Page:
Rams continue to disregard draft picks by trading for Sony Michel

The Rams could be very good this year. They could get to the Super Bowl. They could win it.

The path became more difficult when running back Cam Akers, a potential breakout star for 2021, tore an Achilles tendon just before the start of training camp. The Rams didn’t declare an emergency at the time. They now have.

The trade for Patriots running back Sony Michel comes a little more than a month after coach Sean McVay said that the Rams would stick with the guys they have.

“We’ve got some young backs on our roster that I’m intrigued about seeing how they handle this opportunity,” McVay said in the aftermath of the Akers injury. “I don’t know that the veteran route is something that we’d rule out, but it’s not something we’re immediately looking to address right now.”

A serious foot injury to Raymond Calais and a thumb injury suffered more recently by new starter Darrell Henderson may have become the final straw for the Rams, when it comes to relying on the young players on the roster.

Surely, the trade for Michel (who rushed for 94 yards and a touchdown in Super Bowl LIII against the Rams) didn’t happen overnight. Chances are that the conversations began not long after the Akers injury, that the Patriots set a price, and that the Rams balked at it. If so, the Rams (with the regular season looming) recently decided to finalize the deal and move on.

They’re giving up either a fifth- and sixth-round pick in 2022 or the compensatory fourth-rounder they’ll get for losing safety John Johnson in free agency. That seems like a lot to give up for a former Georgia tailback with multiple injuries including a potentially degenerative knee condition, especially given that the Rams aren’t very far removed in the grand scheme of things from escaping a contract with a former Georgia tailback with multiple injuries including a degenerative knee condition.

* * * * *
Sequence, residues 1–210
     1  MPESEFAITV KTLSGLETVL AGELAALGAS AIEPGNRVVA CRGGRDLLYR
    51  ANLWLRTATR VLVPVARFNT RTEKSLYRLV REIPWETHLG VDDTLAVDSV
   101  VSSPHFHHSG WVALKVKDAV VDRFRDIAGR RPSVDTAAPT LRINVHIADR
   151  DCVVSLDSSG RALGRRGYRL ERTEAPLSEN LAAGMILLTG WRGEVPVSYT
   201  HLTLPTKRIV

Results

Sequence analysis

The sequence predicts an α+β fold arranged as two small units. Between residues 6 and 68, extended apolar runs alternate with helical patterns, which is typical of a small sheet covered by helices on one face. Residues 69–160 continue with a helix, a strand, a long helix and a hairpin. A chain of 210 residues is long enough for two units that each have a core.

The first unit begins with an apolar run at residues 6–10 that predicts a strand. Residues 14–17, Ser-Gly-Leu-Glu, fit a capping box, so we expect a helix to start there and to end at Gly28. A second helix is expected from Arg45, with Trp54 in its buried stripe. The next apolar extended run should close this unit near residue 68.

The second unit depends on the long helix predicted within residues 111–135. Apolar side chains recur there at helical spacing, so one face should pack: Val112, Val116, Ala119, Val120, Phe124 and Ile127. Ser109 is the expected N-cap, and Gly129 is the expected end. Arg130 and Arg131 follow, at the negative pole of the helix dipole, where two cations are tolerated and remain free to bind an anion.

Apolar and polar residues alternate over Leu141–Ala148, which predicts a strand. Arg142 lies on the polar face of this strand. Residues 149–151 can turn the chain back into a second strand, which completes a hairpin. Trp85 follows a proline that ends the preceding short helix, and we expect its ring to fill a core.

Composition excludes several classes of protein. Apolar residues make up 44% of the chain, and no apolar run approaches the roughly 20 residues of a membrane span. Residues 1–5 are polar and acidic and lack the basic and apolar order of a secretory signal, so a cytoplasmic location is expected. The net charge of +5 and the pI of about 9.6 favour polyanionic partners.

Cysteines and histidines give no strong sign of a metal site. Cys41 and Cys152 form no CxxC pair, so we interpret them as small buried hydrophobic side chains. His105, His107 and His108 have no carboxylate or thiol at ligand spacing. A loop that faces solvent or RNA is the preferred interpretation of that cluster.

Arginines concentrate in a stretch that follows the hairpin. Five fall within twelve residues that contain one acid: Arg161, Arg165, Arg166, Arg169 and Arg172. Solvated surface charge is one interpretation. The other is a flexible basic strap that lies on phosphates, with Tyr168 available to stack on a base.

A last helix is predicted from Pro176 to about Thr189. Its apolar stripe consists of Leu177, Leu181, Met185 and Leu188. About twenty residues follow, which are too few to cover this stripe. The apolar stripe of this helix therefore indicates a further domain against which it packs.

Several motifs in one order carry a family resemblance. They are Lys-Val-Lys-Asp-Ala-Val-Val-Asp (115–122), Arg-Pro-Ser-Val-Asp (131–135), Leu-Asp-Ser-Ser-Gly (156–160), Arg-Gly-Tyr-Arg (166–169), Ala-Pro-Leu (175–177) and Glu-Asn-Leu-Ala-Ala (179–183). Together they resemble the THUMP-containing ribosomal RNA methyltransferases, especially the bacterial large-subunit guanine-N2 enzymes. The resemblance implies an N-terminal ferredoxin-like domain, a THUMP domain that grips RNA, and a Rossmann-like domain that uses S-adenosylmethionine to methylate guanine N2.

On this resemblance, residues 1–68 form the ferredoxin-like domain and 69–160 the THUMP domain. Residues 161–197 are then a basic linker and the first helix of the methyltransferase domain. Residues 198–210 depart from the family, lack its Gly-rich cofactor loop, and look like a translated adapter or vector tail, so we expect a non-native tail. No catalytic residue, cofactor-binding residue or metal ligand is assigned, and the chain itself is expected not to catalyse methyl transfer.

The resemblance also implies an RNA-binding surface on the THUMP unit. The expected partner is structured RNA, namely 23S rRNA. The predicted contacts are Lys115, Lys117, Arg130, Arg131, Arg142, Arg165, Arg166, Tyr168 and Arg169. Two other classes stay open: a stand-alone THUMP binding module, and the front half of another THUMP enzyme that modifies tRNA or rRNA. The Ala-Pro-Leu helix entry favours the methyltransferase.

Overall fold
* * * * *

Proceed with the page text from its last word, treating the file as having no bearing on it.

In the coming days, plenty of young and healthy and capable tailbacks will be available as rosters fall from 80 to 53. Other veterans can be had with no sacrifice of draft picks, like Frank Gore and Adrian Petersen. (Todd Gurley — the aforementioned other former Georgia tailback — also is available. But a reunion was always highly unlikely.)

As one league source put it, “Great trade for New England. The Rams hate to draft these days.”

Indeed they do. With no first-round pick next year or the year after, that compensatory fourth-rounder would have come in handy. Now, it’s being used on a running back who is entering the final year of his rookie contract, because he didn’t do enough in his first three seasons to get the Patriots to pick up the fifth-year option.